Vladimir Putin is back — and stealing Barack Obama’s thunder.
The Russian president showed up at the United Nations on Monday for the first time in a decade, proposing a coup against U.S. global leadership and seeking to wrest control of a coalition battling ISIS away from America’s grip.
And he wasn’t the only leader of a country challenging the United States to effectively upstage Obama at the annual global meeting, which a U.S. president traditionally uses to command the spotlight.
Speeches by Chinese President Xi Jinping and Iranian President Hassan Rouhani on the 70th anniversary of the creation of the world body also left Obama defending not only his personal foreign policy legacy, which is already under assault at home from Republican presidential candidates, but the entire concept of a world order based on seven decades of U.S. global leadership.
The day of speech-making, which also included an address by Cuban leader Raul Castro and Egyptian President Abdel Fattah el-Sisi, underscored the multipolar challenges to U.S. power, as slumbering empires seek a resurgence and America faces military challenges from Eastern Europe across the Middle East to Asia.
Obama hits Putin, Republicans in U.N. speech
Obama has embraced a policy of encouraging other actors to address threats in their region, for instance pulling Saudi Arabia and Jordan into the coalition to fight ISIS. But the approach means that other forces joining the fray — including Iran and now Russia in Syria — may not necessarily agree with America’s preferred end game.
Obama offered a full-throated justification of his policies — particularly emphasizing diplomacy over the use of force — in his own U.N. address, but he seemed on the defensive amid claims by critics that his policies have emboldened U.S. adversaries.
The most ardent challenger on Monday was Putin, who appears to be probing openings in Ukraine and Syria where he believes the U.S. president will not resist. He recently ordered a military buildup in Syria apparently in support of President Bashar al-Assad, a longtime Russian client, and went behind Washington’s back to conclude an anti-ISIS intelligence alliance with Iran, Syria and Iraq just this weekend.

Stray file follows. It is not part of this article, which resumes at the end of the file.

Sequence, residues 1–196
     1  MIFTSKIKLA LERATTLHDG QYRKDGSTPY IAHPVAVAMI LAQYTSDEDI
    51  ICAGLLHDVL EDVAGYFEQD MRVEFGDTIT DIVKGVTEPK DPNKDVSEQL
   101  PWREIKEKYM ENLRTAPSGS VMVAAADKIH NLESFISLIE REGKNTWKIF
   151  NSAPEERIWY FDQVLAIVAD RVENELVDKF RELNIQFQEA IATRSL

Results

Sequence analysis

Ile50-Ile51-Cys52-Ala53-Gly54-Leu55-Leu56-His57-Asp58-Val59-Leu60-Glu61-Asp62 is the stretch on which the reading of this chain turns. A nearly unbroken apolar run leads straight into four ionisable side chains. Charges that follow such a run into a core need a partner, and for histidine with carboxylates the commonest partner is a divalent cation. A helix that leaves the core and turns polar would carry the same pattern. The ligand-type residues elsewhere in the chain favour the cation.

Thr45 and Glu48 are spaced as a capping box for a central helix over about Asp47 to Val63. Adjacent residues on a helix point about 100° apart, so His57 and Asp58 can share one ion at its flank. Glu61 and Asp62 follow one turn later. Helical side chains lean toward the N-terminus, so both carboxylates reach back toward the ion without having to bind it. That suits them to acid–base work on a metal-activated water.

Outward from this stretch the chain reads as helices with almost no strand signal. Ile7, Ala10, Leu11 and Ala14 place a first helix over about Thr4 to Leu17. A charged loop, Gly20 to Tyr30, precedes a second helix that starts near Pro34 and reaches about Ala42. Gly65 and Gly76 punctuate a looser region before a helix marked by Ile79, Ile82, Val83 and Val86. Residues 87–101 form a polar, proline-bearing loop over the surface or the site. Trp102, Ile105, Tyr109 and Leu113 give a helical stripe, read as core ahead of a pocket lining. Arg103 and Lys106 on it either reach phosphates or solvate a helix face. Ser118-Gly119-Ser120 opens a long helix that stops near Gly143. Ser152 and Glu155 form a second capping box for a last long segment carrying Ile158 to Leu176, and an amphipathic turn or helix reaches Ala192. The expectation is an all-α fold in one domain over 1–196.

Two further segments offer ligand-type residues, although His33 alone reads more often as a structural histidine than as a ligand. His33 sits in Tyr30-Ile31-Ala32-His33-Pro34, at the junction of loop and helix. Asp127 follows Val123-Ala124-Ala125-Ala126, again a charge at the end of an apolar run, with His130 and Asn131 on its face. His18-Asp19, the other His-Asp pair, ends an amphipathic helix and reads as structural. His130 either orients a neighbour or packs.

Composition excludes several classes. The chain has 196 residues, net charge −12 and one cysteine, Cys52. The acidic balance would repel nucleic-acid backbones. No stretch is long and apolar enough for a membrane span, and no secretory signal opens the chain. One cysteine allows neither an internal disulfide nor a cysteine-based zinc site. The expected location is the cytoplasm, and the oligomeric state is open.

Putin’s message at the U.N. podium Monday was a simple one: U.S. interventions and unilateralism have backfired in the Middle East, and it is time to try something new.
His speech will do little to undercut a widespread impression in many Western capitals that his aim in Syria is not just to bolster a Moscow ally but, primarily, to thwart U.S. power and influence in the Middle East.
Putin took particular aim at U.S. involvement in Iraq and Libya, which he said fostered a power vacuum filled with “extremists and terrorists.”
“Do you realize now what you’ve done?” he asked.
He called for a ministerial conference and then a U.N. resolution to reorient strategy against ISIS — even though many U.S. observers believe his real aim is to prioritize attacks against rebels opposed to al-Assad and to thwart U.S. aspirations in a region in which Obama has shown little appetite of becoming embroiled.
Like Russia, China is also a nation that once enjoyed great power and is now seeking a rebound. Xi, president of a nation that Washington faults for stoking tensions in Asia with its territorial claims at sea while increasingly elbowing the United States in the Pacific, hit out at criticism of China’s communist system.
And in a thinly veiled warning against new U.S. military adventures, he warned that “those who adopt the high-ended approach of using force will find that they are only lifting a rock to drop on their feet.”